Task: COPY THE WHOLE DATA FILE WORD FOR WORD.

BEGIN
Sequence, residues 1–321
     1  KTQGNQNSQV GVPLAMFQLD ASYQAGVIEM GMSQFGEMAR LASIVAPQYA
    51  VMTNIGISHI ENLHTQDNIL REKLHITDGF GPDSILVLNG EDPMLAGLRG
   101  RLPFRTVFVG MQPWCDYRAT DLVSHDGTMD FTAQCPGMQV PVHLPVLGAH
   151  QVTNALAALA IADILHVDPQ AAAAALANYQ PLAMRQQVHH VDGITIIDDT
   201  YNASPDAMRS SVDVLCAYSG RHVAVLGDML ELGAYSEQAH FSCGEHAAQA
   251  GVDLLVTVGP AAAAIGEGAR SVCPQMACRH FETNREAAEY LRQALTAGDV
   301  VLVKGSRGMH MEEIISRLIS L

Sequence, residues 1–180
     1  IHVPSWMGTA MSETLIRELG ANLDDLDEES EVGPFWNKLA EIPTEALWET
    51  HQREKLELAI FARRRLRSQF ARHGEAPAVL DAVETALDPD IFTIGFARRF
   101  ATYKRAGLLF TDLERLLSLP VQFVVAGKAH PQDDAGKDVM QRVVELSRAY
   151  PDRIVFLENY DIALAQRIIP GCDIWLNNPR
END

Sequence, residues 1–321
     1  KTQGNQNSQV GVPLAMFQLD ASYQAGVIEM GMSQFGEMAR LASIVAPQYA
    51  VMTNIGISHI ENLHTQDNIL REKLHITDGF GPDSILVLNG EDPMLAGLRG
   101  RLPFRTVFVG MQPWCDYRAT DLVSHDGTMD FTAQCPGMQV PVHLPVLGAH
   151  QVTNALAALA IADILHVDPQ AAAAALANYQ PLAMRQQVHH VDGITIIDDT
   201  YNASPDAMRS SVDVLCAYSG RHVAVLGDML ELGAYSEQAH FSCGEHAAQA
   251  GVDLLVTVGP AAAAIGEGAR SVCPQMACRH FETNREAAEY LRQALTAGDV
   301  VLVKGSRGMH MEEIISRLIS L

Sequence, residues 1–180
     1  IHVPSWMGTA MSETLIRELG ANLDDLDEES EVGPFWNKLA EIPTEALWET
    51  HQREKLELAI FARRRLRSQF ARHGEAPAVL DAVETALDPD IFTIGFARRF
   101  ATYKRAGLLF TDLERLLSLP VQFVVAGKAH PQDDAGKDVM QRVVELSRAY
   151  PDRIVFLENY DIALAQRIIP GCDIWLNNPR